Welcome to the Round Table . . . Billy Flora!

On December 9, 1775, the 2nd Virginia Regiment and rebel militia units, including the Culpeper Minute Men, were guarding the “Great Bridge” across the southern branch of the Elizabeth River on the only road leading south from Norfolk to North Carolina. British troops and loyalist forces were camped just to the north of the bridge to defend Norfolk, then the seat of royal government and a loyalist stronghold, against the Patriots ordered to march on Norfolk by the General Assembly. The order to attck Norfolk was a response to the November 1775 proclamation by the royal governor, Lord Dunmore, imposing martial law on the colony and offering freedom to enslaved Virginians who would fight with the British. Among the Patriot militia troops at the Great Bridge was a 20-year-old free black man serving as a sentry at the north end of the bridge: William “Billy” Flora.

Drawing of a view of the Great Bridge.

Fearing that delay would allow the Patriot troops to gather strength and attack Norfolk, Lord Dunmore and the Britsih commander decided to attack first. As the British advanced toward the patriots, Flora fired eight times on the enemy.  He was the last sentry to leave the bridge.  According to one account, Flora even removed the last board of the bridge, preventing the British from attacking the retreating patriots.  Flora is credited by historians with slowing the British advance and allowing patriot forces more time to prepare for battle. His valiant actions were lauded by his comrades and even by a newspaper of the time.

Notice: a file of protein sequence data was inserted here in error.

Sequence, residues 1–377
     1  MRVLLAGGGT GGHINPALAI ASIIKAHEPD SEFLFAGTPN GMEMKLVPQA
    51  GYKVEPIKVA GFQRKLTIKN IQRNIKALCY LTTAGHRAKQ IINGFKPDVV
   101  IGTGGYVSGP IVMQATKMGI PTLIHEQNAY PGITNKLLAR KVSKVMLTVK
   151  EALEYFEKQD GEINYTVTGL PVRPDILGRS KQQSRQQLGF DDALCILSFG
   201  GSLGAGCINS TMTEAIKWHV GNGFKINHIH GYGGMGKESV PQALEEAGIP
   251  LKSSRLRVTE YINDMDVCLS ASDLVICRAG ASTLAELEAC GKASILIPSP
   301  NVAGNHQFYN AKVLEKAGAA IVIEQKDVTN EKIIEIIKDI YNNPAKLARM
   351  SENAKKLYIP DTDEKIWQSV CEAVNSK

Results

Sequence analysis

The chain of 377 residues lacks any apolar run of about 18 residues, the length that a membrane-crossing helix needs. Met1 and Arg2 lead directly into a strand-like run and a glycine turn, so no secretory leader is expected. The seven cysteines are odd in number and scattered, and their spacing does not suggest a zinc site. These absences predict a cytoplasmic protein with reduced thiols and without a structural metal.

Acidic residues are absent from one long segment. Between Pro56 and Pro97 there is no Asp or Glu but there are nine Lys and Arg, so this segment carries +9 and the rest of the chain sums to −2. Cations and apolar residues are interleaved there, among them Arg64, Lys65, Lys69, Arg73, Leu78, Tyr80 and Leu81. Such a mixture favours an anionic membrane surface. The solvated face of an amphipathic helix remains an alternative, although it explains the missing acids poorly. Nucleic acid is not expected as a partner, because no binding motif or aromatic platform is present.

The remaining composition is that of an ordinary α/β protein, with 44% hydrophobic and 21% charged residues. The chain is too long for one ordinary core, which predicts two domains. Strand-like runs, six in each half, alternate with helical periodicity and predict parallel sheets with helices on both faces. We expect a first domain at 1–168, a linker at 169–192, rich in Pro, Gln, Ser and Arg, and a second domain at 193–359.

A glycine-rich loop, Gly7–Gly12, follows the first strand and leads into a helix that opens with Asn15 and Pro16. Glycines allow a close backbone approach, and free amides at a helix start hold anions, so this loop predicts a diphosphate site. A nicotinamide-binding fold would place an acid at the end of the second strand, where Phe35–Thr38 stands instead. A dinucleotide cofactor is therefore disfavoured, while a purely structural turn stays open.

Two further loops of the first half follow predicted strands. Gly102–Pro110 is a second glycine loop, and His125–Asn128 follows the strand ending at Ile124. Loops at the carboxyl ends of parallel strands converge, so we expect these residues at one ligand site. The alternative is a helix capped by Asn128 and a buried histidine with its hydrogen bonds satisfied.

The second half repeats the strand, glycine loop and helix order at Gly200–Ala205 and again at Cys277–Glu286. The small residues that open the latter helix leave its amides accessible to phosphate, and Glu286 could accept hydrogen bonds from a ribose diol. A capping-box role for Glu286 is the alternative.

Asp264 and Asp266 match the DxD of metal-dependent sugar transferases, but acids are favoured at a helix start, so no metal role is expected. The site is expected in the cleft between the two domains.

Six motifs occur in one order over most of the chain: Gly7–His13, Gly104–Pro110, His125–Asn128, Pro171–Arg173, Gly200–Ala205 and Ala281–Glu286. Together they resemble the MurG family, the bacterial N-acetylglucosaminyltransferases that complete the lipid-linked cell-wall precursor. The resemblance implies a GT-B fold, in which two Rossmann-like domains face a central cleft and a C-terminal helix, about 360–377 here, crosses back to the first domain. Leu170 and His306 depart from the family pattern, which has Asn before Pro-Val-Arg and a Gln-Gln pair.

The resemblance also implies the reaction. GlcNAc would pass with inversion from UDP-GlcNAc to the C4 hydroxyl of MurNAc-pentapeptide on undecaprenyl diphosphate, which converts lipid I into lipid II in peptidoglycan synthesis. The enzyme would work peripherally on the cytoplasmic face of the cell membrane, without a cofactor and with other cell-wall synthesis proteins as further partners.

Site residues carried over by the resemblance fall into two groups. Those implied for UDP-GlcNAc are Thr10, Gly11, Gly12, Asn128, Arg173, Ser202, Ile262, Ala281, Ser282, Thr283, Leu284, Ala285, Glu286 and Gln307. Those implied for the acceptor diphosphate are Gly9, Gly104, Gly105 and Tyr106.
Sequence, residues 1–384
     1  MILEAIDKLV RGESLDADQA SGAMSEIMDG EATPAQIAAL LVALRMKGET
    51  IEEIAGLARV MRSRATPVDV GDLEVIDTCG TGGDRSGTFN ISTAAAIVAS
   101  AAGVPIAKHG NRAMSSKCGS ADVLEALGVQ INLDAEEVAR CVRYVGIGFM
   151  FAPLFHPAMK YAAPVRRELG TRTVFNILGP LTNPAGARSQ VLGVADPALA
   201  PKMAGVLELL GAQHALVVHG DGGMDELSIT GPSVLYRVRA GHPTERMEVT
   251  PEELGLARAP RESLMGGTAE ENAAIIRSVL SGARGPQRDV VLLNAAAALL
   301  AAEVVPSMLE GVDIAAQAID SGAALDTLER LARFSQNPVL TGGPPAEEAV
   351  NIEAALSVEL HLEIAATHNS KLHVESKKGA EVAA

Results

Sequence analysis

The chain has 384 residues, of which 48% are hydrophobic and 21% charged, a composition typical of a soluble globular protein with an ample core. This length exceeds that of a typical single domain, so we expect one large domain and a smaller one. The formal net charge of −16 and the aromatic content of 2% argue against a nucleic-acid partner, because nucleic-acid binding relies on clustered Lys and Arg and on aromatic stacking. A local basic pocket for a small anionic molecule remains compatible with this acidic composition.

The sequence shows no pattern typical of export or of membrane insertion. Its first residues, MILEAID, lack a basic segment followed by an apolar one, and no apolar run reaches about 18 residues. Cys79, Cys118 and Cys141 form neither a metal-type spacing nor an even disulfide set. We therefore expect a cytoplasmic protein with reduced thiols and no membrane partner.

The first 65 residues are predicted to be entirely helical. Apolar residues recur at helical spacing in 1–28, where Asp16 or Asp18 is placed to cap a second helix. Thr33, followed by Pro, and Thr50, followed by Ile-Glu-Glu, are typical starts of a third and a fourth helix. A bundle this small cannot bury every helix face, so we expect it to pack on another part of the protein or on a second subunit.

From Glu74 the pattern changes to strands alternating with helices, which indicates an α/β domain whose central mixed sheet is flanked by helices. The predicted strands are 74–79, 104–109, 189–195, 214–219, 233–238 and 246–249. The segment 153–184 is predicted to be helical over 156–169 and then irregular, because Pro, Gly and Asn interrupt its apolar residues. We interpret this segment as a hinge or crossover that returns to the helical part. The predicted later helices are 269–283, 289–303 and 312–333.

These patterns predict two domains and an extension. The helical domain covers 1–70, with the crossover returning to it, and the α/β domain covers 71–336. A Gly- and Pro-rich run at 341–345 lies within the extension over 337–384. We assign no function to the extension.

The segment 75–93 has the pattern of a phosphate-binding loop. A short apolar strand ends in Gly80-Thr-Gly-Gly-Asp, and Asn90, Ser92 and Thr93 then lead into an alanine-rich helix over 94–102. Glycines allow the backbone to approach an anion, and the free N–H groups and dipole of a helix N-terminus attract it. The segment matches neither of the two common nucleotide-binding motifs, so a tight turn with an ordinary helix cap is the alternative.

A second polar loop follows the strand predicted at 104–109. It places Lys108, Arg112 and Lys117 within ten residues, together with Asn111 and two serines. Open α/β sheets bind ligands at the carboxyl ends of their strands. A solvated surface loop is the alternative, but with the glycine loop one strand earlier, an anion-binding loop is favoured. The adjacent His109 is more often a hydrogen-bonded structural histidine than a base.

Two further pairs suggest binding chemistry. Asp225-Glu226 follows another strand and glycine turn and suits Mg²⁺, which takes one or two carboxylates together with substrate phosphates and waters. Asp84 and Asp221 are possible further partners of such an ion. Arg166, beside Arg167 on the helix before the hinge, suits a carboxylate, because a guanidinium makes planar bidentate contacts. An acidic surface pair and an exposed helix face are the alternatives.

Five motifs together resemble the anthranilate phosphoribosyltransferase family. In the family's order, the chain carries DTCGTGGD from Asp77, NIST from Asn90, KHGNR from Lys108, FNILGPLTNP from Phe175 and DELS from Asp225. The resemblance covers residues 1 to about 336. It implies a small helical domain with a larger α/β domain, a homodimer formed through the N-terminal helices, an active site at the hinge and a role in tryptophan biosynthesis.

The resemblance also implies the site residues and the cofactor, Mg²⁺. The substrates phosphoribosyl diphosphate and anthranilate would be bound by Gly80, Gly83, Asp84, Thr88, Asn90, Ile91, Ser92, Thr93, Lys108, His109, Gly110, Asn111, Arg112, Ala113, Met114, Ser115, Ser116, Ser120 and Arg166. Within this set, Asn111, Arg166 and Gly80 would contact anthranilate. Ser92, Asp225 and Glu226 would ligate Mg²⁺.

As a result of the Battle of Great Bridge, Lord Dunmore and other loyalists were no longer safe in Norfolk, and they retreated to British warships. Although he tried to regain a foothold in Virginia several times to reassert royal authority, by August 1776 Lord Dunmore had left for New York never to return.

Flora was born in 1755 in Portsmouth, Virginia.  His parents were free African Americans who owned a livery stable in Portsmouth.  He fought throughot the Revolution in various Patriot units. He died in 1820, having received a pension and a land grant for his service in securing America’s independence. He was an ulikely hero in an unlikely battle that effectively ended 150 years of royal government in the first permanent Englisg colony in the Western Hemisphere.

Check out the Billy Flora Fact Sheet for more information and discussion questions for your local society meeting.